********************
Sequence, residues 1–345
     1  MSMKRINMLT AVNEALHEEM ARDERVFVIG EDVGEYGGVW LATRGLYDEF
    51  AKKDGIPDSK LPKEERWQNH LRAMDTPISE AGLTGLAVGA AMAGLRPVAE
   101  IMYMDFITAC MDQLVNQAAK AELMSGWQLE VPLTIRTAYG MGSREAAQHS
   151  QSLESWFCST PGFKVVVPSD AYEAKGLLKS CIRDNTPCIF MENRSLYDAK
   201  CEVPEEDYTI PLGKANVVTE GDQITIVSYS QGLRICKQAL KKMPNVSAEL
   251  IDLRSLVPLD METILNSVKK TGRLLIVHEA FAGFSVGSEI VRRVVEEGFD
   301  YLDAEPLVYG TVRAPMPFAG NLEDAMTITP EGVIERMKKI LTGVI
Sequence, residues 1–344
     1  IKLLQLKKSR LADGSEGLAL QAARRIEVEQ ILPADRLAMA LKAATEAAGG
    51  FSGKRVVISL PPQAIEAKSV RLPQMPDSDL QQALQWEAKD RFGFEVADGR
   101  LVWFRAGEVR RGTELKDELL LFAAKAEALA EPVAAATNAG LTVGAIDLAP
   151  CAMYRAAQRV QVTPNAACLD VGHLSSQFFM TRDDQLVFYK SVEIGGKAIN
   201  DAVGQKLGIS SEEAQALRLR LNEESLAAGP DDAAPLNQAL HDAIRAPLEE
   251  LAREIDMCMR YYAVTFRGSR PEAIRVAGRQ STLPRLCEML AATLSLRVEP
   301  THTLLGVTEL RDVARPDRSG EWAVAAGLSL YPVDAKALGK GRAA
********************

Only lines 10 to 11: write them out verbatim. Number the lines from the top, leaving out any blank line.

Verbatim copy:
     1  IKLLQLKKSR LADGSEGLAL QAARRIEVEQ ILPADRLAMA LKAATEAAGG
    51  FSGKRVVISL PPQAIEAKSV RLPQMPDSDL QQALQWEAKD RFGFEVADGR